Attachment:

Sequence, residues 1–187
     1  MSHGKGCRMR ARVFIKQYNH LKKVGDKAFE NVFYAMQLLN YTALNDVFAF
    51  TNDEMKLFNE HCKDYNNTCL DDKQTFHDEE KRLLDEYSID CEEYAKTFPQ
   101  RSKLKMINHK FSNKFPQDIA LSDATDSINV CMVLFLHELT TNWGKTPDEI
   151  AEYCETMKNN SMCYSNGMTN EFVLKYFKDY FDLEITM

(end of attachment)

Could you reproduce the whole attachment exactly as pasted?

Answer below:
Sequence, residues 1–187
     1  MSHGKGCRMR ARVFIKQYNH LKKVGDKAFE NVFYAMQLLN YTALNDVFAF
    51  TNDEMKLFNE HCKDYNNTCL DDKQTFHDEE KRLLDEYSID CEEYAKTFPQ
   101  RSKLKMINHK FSNKFPQDIA LSDATDSINV CMVLFLHELT TNWGKTPDEI
   151  AEYCETMKNN SMCYSNGMTN EFVLKYFKDY FDLEITM